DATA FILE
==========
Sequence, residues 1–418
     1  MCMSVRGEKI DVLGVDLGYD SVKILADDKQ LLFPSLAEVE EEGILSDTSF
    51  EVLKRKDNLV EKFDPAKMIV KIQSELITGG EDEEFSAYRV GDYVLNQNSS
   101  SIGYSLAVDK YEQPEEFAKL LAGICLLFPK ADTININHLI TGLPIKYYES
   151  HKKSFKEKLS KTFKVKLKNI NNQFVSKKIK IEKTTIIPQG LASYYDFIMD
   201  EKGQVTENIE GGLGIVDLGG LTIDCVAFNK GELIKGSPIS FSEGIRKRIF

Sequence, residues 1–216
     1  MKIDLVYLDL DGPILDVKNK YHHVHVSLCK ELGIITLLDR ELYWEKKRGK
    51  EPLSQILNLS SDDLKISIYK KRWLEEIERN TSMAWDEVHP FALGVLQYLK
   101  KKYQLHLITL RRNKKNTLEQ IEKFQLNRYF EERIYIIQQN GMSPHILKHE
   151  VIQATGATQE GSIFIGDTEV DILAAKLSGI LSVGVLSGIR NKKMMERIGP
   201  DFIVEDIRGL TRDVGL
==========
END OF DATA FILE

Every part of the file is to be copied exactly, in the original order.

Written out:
Sequence, residues 1–418
     1  MCMSVRGEKI DVLGVDLGYD SVKILADDKQ LLFPSLAEVE EEGILSDTSF
    51  EVLKRKDNLV EKFDPAKMIV KIQSELITGG EDEEFSAYRV GDYVLNQNSS
   101  SIGYSLAVDK YEQPEEFAKL LAGICLLFPK ADTININHLI TGLPIKYYES
   151  HKKSFKEKLS KTFKVKLKNI NNQFVSKKIK IEKTTIIPQG LASYYDFIMD
   201  EKGQVTENIE GGLGIVDLGG LTIDCVAFNK GELIKGSPIS FSEGIRKRIF

Sequence, residues 1–216
     1  MKIDLVYLDL DGPILDVKNK YHHVHVSLCK ELGIITLLDR ELYWEKKRGK
    51  EPLSQILNLS SDDLKISIYK KRWLEEIERN TSMAWDEVHP FALGVLQYLK
   101  KKYQLHLITL RRNKKNTLEQ IEKFQLNRYF EERIYIIQQN GMSPHILKHE
   151  VIQATGATQE GSIFIGDTEV DILAAKLSGI LSVGVLSGIR NKKMMERIGP
   201  DFIVEDIRGL TRDVGL